Glimpses such as this suggest that Paul Willis's focus exclusively on the class dynamics of the school may miss the dynamics of learning masculinity from a senior generation consciously concerned to discourage boys from an educational exposure that would undermine their masculinity. Conceptualized very differently, Arthur B. Shostak (1969) records very similar patterns of alienation among those working class youth he labels as “rebels” and “accommodators” in his 1969 study of “blue-collar life” in the United States. 'The 'rebel' group is characterized as likely to become involved in 'delinquent' activities, but otherwise they two do not seem markedly differentiation. Those who accommodate stay in school, usually in a predominantly working class high school, they are likely to be steered into vocational courses. Their "youth culture" emphasizes:
fun and adventure; a disdain for scholarly effort; the more or less persistent involvement in 'tolerated' status offense like drinking, gambling, occasional  truancy, “making out" in the sense of sexual conquest, driving cars before the appropriate age, smoking, swearing, and staying out late. (Matza 1961: 116, quoted by Shostak 1969: 150)
Here and at other points in this account, a distinctive and traditional working-class culture of masculinity seems to surface. The lack of interest displayed by blue-collar youth in this group for continuing on to college even when they “possess high academic aptitude" (151) suggests that they may share the kinds of emphasis on manual rather than on 'mental' skills suggested in the quotation from LeMasters above. The same would seem to surface in Shostak's account of educational and career decisions made by the group of blue-collar youth he describes as “the achievers" who successfully make their way into college. They appear to share values that downgrade non-manual skills, both in themselves and in relation to the kinds of occupations to which they can expect to get access. Every now and again, the 'influence' of a senior generation becomes directly visible, though negatively valued, as when he writes of the 'uneven and unreliable knowledge" of the labour market transmitted to blue-collar youth by 'well-meaning parents, friends, and the mass media.' (Shostak 1969: 153).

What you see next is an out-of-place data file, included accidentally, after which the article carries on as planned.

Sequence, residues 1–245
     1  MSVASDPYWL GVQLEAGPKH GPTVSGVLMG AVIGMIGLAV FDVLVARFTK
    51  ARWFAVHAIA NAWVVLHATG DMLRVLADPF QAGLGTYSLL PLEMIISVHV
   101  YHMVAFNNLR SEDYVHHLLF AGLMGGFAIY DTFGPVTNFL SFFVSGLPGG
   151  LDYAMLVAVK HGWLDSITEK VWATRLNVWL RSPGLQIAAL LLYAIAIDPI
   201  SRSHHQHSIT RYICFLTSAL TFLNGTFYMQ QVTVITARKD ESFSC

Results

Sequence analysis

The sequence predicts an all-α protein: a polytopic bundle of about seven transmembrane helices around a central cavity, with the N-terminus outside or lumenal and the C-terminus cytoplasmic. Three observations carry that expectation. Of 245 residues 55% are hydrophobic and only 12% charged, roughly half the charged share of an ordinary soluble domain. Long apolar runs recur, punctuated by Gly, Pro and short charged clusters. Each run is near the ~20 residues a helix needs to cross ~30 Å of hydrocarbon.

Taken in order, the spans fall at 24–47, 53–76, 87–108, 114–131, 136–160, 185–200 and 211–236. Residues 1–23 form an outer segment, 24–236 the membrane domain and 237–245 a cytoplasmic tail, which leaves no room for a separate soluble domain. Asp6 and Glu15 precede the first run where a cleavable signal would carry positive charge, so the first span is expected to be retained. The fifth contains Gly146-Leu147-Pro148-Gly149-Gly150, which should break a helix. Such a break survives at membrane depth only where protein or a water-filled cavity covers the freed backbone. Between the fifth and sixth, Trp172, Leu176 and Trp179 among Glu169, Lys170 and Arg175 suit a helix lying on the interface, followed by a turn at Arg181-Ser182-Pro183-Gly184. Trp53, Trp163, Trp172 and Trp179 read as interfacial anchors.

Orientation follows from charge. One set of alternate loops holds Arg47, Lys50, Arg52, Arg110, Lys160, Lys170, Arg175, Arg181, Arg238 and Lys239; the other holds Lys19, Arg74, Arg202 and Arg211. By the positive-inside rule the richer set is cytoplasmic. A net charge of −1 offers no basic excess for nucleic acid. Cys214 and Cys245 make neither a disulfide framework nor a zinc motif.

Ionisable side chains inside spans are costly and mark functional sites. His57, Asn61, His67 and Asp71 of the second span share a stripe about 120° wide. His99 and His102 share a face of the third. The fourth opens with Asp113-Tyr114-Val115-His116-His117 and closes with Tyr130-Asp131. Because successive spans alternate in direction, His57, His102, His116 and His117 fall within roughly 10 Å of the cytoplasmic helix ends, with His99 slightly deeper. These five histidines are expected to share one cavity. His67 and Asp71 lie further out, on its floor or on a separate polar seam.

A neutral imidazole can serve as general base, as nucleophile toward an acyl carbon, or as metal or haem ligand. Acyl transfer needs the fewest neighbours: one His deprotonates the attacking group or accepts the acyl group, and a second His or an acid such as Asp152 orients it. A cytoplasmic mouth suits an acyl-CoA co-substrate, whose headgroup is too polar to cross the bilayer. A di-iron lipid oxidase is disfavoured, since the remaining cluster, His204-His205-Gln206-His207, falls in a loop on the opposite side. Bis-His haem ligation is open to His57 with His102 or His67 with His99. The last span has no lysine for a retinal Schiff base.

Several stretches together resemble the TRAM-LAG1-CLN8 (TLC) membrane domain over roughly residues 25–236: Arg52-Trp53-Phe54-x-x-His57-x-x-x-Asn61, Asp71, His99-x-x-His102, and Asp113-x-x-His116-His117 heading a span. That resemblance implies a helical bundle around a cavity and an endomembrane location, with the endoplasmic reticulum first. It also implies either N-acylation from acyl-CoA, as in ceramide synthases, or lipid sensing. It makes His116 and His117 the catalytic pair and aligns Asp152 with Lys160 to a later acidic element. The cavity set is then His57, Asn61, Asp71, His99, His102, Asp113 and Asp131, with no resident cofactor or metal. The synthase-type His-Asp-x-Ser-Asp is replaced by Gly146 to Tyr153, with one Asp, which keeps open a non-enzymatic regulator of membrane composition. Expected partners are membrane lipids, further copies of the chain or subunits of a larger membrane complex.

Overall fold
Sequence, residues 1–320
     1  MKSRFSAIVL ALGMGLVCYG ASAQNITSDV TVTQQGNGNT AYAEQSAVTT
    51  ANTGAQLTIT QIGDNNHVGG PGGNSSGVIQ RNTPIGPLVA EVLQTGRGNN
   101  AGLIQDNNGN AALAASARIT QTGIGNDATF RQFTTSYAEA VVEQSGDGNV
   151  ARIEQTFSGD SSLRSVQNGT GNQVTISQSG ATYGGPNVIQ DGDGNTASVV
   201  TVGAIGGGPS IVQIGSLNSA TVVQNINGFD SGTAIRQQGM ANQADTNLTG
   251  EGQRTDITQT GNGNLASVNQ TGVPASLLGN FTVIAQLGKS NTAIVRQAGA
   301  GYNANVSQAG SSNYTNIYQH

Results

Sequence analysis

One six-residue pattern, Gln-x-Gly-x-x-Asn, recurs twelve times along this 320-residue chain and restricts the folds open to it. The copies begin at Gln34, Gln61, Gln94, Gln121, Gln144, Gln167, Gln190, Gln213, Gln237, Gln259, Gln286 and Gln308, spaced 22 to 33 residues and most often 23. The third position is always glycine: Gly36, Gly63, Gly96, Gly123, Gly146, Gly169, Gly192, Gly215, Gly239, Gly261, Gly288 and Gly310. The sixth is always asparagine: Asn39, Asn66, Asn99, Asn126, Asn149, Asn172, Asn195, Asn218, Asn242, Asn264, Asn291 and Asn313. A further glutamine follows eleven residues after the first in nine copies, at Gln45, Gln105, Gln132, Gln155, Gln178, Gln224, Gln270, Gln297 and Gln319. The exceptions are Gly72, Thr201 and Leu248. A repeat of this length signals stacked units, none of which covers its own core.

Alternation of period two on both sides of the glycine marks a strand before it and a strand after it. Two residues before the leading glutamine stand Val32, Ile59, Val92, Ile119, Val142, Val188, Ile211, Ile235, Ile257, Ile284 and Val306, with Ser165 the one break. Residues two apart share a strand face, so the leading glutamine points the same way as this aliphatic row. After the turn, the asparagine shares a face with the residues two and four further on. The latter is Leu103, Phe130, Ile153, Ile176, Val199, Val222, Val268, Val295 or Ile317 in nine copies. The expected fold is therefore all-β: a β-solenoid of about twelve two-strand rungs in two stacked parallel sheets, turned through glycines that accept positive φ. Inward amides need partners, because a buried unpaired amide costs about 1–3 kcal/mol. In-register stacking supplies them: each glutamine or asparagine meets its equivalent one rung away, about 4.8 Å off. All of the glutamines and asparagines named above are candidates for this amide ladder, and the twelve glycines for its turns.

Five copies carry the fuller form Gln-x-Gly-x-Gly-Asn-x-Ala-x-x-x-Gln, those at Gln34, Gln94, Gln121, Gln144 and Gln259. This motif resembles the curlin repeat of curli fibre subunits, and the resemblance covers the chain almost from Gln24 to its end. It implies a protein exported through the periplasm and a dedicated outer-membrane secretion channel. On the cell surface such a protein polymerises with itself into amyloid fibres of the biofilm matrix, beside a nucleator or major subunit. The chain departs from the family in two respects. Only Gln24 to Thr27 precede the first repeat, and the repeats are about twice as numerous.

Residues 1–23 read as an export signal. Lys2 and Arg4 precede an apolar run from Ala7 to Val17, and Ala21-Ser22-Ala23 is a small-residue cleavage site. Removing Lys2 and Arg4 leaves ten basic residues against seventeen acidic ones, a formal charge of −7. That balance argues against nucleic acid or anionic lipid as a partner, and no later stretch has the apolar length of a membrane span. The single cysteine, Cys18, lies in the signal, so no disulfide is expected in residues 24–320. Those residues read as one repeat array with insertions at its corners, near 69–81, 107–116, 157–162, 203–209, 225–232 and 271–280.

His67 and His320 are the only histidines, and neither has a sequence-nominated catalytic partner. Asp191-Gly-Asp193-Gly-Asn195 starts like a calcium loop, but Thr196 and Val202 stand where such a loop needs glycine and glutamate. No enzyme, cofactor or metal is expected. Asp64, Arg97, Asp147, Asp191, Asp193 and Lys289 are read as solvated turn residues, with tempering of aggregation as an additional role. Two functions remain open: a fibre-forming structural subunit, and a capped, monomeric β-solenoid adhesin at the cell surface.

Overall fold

ln conclusion

At this stage of investigation, this paper has no conclusion. It has done no more than bring together the uses made of existing literature as well as some previous research to explore the dimensions of skills storage and transmission systems as they have been, in the past at least, vested in social organization among male workers both in the workplace and in the community and in intersections between them. I have made the following points so far:

  1. The destruction of the social organization storing and transmitting manual skills among men in working class communities as a contingent effect of the restructuring that destroyed the great working-class communities of the past;